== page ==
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Co-Opetition Hardcover – May 1 1996

4.7 out of 5 stars 35 customer reviews

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Product Details

  • Hardcover: 304 pages
  • Publisher: Doubleday Business (May 1 1996)
  • Language: English
  • ISBN-10: 0385479492
  • ISBN-13: 978-0385479493
  • Product Dimensions: 2.5 x 16.5 x 24.8 cm
  • Shipping Weight: 567 g
  • Average Customer Review: 4.7 out of 5 stars 35 customer reviews
  • Amazon Bestsellers Rank: #547,705 in Books (See Top 100 in Books)
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Product Description

From Library Journal

Losing and winning are two extremes by which businesses are often measured. Brandenburger (Harvard Business Sch.) and Nalebuff (Yale Sch. of Management) argue that most businesses and their transactions lie somewhere between the two poles. Their liberating message is that your competitor does not have to fail for you to win. Conversely, you don't have to fail either. Your failure, in fact, can hurt your competitor. It is better, the authors assert, to have both cooperation and competition. Game theory requires drawing a representation of one's customers, suppliers, competitors, and complementers. In this strategy of business as a game, the rules, players, tactics, and scope can be changed to the individual's advantage. The authors present complicated cases to illustrate their points. The writing is usually solid, but the authors went to the well too many times with some of their examples. A little variety in illustrating their ideas would have been welcome. Such minor shortcomings aside, this title is recommended for all academic libraries.?Randy L. Abbott, Univ. of Evansville Libs., Ind.
Copyright 1996 Reed Business Information, Inc.

From Booklist

Management and organizational theorists are continually investigating new models to explain organizational behavior. Traditionally, competition has often been a component of those models, but now researchers are looking at other behaviors and using theories from other fields of study. James Moore recently proclaimed The Death of Competition (1996) and put forth a complex model based on natural ecosystems that emphasizes symbiotic, cooperative relationships. Now Brandenburger and Nalebuff, academics from the Harvard Business School and the Yale School of Management, respectively, also suggest that business strategy in today's global environment must combine competition and cooperation, but they employ mathematical game theory to make their argument. David Rouse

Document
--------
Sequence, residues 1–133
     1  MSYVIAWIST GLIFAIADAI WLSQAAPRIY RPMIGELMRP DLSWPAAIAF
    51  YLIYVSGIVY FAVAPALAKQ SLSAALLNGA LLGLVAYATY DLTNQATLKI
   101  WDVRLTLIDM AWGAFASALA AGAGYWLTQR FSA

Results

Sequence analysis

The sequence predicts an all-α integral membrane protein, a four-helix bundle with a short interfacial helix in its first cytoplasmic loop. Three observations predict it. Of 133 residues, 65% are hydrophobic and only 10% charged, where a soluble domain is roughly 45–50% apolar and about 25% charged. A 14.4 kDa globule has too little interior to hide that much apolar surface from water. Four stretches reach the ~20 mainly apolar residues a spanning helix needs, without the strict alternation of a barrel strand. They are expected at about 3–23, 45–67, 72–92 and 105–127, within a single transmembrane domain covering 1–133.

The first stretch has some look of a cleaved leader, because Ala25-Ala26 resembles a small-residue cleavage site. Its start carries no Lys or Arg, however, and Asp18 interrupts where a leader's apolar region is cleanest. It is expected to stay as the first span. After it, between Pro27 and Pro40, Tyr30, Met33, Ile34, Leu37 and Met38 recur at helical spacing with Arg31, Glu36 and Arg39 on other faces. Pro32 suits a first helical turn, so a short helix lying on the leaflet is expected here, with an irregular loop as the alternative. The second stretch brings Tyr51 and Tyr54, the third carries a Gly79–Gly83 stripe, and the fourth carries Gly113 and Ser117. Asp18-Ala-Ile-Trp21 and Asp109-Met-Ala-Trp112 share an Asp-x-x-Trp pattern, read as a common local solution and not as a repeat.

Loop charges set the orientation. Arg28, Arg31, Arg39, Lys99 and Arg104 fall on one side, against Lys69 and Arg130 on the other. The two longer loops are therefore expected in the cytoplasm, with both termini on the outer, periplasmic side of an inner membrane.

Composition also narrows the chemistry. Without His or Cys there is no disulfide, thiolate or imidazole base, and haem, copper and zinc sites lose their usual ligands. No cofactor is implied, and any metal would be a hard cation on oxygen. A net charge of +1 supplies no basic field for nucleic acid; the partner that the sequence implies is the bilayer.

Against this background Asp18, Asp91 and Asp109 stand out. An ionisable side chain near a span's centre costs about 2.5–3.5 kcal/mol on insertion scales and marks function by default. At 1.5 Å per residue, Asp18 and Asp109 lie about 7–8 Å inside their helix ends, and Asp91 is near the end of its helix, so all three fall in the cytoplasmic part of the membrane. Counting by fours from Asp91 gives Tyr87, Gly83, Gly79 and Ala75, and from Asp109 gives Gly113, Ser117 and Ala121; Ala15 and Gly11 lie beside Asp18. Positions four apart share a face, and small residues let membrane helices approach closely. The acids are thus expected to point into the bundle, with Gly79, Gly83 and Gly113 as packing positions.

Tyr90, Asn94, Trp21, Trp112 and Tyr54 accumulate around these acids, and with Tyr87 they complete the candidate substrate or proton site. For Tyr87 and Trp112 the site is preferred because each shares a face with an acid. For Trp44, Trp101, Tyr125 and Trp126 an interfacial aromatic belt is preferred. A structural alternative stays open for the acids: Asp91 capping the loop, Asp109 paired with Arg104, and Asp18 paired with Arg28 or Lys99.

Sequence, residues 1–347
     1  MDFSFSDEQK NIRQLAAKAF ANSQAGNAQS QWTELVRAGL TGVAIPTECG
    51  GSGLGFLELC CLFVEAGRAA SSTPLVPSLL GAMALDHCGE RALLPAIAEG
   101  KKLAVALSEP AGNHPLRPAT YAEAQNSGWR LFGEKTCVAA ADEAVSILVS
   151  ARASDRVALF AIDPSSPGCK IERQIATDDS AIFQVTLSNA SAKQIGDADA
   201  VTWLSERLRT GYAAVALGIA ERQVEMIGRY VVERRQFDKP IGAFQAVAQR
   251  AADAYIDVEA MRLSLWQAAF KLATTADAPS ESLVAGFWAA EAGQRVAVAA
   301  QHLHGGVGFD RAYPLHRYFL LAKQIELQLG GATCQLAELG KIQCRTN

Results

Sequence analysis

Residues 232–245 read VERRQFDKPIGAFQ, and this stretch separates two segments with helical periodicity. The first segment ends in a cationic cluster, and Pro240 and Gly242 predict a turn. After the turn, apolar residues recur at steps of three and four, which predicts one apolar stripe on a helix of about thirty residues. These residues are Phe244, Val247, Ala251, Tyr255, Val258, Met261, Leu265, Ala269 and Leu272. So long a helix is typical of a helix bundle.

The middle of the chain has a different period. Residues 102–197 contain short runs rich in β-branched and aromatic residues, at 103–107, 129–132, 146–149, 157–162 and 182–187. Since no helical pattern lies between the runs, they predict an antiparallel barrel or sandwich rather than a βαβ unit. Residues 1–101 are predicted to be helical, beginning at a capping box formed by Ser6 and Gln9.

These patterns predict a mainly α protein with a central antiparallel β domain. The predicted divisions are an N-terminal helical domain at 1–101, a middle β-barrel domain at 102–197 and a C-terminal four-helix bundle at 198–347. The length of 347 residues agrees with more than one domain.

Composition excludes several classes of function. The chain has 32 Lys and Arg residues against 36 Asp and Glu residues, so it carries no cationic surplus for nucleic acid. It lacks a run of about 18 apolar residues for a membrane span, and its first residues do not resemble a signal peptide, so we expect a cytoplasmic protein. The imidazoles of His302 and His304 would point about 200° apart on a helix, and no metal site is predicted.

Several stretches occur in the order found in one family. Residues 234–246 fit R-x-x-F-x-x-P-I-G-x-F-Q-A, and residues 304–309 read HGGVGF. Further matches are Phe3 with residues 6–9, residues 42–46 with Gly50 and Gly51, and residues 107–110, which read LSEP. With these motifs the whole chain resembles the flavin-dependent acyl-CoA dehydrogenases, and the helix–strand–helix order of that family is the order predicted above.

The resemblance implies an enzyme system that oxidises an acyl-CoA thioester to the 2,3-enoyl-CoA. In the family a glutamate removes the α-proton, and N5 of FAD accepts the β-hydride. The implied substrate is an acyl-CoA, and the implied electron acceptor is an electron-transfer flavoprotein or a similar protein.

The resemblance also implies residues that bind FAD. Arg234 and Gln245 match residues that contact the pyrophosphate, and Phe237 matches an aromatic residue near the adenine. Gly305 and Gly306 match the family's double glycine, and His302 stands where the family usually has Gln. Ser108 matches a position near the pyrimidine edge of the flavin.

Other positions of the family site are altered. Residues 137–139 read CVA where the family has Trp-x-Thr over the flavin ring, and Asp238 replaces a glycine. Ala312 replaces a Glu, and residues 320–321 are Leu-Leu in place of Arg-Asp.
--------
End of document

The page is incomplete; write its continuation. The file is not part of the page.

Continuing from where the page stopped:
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4.7 out of 5 stars
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Format: Paperback
CO-OPETITION is a wonderful term that says exactly what it means. In many ways, if you think of a successful joint venture, you will have the right idea. Certainly between competitors, but even between company and supplier or customer, there is some competition, if only for lower prices and better service. This book explains both by steps to follow and great examples how two (or more) parties can win-win. Rosabeth Moss Kanter and Michael Hammer each talk about the cluster idea, that companies do better when competitors and the business chain are all in close proximity. Even when not directly cooperating, they encourage each other to develop new ideas and stay sharp. To succeed, we must be willing to change and be open to new relationships. The old Tradition Stall (see THE 2,000 PERCENT SOLUTION by Mitchell, Coles and Metz) of "Talk to the competitor, Cooperate with a competitor - Never!" must be tossed out the window. The Disbelief Stall of "A competitor would never try to help us" must be dispelled to make real progress. I encourage you to read many books on this subject, for they will each give you a new approach.
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Format: Hardcover
First of all I should state that this book is the kind that will make you ask yourself "Why have I not read it before?"! I strongly recommend it and shortly I will try to explain whom I recommend it and why.